State v. Questo

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Justia Opinion Summary

The Supreme Court affirmed the order of the district court denying Defendant's motions to suppress, holding that the district court reached the right result even if for the wrong reason.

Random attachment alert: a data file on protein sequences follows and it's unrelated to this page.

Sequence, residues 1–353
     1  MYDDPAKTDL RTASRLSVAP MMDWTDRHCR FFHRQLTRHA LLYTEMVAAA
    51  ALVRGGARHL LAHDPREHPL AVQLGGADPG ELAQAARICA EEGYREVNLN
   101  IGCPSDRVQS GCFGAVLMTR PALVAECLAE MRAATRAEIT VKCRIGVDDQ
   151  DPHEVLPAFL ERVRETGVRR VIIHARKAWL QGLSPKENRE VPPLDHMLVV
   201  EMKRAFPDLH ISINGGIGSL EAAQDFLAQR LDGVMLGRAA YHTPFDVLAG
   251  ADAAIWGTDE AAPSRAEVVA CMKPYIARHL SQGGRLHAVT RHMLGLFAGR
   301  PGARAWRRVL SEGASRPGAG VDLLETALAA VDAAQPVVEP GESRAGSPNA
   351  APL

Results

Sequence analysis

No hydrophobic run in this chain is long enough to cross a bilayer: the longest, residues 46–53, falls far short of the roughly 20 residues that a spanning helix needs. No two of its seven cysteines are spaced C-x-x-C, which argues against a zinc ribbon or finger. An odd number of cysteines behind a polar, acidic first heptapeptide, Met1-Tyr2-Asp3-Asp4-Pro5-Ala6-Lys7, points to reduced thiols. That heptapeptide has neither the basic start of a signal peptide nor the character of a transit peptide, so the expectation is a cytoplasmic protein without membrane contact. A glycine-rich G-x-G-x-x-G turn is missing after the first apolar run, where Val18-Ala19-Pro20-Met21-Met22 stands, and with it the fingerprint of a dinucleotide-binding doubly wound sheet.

Defendant pled guilty to misdemeanor DUI per se, reserving his right to appeal the district court's denial of his motion to dismiss. On appeal, Defendant argued that prior to the stop of his vehicle, there was no particularized suspicion to investigate him for any potential driving offense. The district court concluded that the police officer had particularized suspicion to investigate Defendant pursuant to an analysis under State v. Pratt, 951 P.2d 37 (Mont. 1997), and denied Defendant's motions to dismiss on that basis. The Supreme Court affirmed, albeit on different grounds, holding (1) the officer's approach to Defendant was a routine police encounter that did not require particularized suspicion; and (2) the officer acquired particularized suspicion for further investigation upon Defendant's voluntary participation in his questioning and testing.